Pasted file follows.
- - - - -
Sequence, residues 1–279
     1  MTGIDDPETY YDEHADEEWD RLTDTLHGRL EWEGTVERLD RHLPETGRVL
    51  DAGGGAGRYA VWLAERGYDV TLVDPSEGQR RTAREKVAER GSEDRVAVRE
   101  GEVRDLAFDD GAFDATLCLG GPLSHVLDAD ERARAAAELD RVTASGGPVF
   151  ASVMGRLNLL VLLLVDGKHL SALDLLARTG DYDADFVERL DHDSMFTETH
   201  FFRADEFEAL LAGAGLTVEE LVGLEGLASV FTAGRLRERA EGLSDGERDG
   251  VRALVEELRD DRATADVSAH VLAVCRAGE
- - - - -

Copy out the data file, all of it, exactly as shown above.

Sequence, residues 1–279
     1  MTGIDDPETY YDEHADEEWD RLTDTLHGRL EWEGTVERLD RHLPETGRVL
    51  DAGGGAGRYA VWLAERGYDV TLVDPSEGQR RTAREKVAER GSEDRVAVRE
   101  GEVRDLAFDD GAFDATLCLG GPLSHVLDAD ERARAAAELD RVTASGGPVF
   151  ASVMGRLNLL VLLLVDGKHL SALDLLARTG DYDADFVERL DHDSMFTETH
   201  FFRADEFEAL LAGAGLTVEE LVGLEGLASV FTAGRLRERA EGLSDGERDG
   251  VRALVEELRD DRATADVSAH VLAVCRAGE